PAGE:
Samples of male (n = 113) and female (n = 175) college students were surveyed. Majorities of both sexes agreed with statements indicating that males' sexual attractiveness varied more than females' sexual attractiveness as a function of their status. Subjects who reported more sex partners and a greater aversion to sexual monogamy were slightly more likely to agree that they tested their partners to see how far they could push them. Interviews with highly sexually active females (n = 32) and males (n = 24) indicated that low-investment copulation and lack of control over the sexual access-investment ratio caused even women with very permissive attitudes and multiple sex partners to develop an aversion to low-investment copulation. Three levels were identified in this process. The techniques that women with multiple partners used to deal with their feelings are described. Females tested their partners for ability and willingness to invest. Males tested for opportunities to reduce investment and pursue other women. High status, for example athletic stardom, transformed males' sexual attractiveness to women and numbers of sex partners. Results were consistent with the view that the emotional-motivational mechanisms that moderate sexual arousal and attraction are sexually dimorphic.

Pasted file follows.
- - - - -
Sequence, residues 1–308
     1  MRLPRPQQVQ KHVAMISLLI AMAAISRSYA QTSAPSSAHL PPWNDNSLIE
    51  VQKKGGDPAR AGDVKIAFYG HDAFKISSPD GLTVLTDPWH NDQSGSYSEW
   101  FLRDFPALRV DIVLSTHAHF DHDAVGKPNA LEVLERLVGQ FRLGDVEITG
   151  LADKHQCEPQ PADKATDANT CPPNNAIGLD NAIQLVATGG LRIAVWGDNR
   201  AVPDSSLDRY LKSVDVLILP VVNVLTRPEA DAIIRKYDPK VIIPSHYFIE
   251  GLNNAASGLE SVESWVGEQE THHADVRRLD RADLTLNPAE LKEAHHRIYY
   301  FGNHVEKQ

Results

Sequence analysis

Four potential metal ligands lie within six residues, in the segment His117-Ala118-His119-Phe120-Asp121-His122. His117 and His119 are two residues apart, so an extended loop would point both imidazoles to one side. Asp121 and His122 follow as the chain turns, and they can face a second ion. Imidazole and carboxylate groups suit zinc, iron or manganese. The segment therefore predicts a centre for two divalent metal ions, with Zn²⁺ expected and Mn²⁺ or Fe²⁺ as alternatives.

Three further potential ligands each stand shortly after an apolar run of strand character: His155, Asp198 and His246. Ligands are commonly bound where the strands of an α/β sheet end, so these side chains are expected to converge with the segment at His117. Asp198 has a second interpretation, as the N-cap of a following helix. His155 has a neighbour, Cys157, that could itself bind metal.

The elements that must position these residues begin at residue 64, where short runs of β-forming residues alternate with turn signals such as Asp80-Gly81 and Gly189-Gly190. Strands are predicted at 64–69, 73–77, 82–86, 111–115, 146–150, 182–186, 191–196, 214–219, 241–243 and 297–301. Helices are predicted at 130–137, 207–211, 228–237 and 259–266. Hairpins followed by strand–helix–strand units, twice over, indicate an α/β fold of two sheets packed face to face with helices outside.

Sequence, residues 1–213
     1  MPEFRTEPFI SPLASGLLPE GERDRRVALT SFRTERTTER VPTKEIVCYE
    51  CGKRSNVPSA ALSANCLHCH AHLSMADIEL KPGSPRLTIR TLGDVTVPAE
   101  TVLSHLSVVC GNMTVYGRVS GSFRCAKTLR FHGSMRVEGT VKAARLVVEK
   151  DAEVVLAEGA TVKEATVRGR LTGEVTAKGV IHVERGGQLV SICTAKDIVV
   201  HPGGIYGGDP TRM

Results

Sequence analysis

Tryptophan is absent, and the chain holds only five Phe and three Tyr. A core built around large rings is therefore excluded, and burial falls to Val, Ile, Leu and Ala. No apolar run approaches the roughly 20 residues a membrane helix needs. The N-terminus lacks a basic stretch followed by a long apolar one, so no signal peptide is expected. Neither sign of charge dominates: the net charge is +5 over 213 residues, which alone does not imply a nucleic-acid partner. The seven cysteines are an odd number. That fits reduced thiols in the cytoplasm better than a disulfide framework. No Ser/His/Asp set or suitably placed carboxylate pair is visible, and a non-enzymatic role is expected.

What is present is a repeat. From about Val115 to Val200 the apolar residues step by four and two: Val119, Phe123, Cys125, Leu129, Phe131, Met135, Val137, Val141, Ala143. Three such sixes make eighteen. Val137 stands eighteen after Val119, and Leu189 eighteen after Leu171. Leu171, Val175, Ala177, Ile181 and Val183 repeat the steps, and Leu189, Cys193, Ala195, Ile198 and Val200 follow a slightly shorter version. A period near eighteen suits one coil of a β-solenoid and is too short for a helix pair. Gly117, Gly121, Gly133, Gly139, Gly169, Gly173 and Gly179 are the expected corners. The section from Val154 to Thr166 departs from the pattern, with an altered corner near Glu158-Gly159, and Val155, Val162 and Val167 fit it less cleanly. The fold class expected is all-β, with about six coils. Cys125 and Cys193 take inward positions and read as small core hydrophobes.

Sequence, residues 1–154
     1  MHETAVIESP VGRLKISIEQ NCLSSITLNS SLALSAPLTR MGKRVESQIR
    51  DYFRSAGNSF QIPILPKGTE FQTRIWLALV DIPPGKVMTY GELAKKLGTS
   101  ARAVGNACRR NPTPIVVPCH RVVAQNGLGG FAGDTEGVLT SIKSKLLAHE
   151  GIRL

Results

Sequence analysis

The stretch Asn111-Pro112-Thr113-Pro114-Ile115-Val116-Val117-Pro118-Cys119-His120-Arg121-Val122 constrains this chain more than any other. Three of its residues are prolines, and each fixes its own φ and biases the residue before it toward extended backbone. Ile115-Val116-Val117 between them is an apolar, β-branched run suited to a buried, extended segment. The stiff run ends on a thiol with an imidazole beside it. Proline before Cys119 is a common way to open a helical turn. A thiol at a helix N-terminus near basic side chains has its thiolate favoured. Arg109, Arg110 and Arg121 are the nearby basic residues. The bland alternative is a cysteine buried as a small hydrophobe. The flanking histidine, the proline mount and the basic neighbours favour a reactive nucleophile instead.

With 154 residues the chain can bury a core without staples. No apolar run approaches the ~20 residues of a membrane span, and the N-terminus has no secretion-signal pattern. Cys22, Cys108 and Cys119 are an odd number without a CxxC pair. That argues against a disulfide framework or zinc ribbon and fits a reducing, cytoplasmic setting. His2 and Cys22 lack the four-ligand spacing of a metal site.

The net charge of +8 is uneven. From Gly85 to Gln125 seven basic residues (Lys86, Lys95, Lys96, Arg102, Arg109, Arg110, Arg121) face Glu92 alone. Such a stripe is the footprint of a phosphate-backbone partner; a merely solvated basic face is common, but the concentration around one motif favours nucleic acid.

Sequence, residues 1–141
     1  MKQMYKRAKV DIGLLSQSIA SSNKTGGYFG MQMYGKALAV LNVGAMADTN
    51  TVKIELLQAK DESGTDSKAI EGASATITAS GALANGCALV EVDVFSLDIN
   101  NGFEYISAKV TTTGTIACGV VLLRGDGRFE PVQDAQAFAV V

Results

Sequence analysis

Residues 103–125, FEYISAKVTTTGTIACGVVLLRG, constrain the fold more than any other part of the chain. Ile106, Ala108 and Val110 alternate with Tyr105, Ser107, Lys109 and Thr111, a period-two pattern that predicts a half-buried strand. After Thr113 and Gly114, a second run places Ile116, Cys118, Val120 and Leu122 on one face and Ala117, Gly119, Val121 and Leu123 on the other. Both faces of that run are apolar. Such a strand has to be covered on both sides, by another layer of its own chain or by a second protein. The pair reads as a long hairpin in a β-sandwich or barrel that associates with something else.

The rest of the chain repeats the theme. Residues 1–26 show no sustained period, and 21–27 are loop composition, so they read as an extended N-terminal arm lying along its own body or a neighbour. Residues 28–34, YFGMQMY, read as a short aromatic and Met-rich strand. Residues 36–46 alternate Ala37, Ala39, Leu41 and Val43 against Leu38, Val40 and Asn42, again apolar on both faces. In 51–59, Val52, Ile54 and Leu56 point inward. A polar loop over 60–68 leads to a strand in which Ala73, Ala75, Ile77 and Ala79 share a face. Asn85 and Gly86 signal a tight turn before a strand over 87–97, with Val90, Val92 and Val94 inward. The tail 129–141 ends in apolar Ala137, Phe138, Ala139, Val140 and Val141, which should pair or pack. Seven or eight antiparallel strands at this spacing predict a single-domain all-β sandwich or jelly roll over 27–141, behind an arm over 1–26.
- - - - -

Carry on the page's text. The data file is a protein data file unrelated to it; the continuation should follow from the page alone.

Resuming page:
- Sex differences
ASJC Scopus subject areas
- Ecology, Evolution, Behavior and Systematics
- Environmental Science(all)
- Earth and Planetary Sciences(all)